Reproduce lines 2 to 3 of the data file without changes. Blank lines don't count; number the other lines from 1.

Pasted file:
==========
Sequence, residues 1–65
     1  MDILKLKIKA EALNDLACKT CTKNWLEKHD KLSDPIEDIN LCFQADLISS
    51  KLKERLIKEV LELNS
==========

     1  MDILKLKIKA EALNDLACKT CTKNWLEKHD KLSDPIEDIN LCFQADLISS
    51  KLKERLIKEV LELNS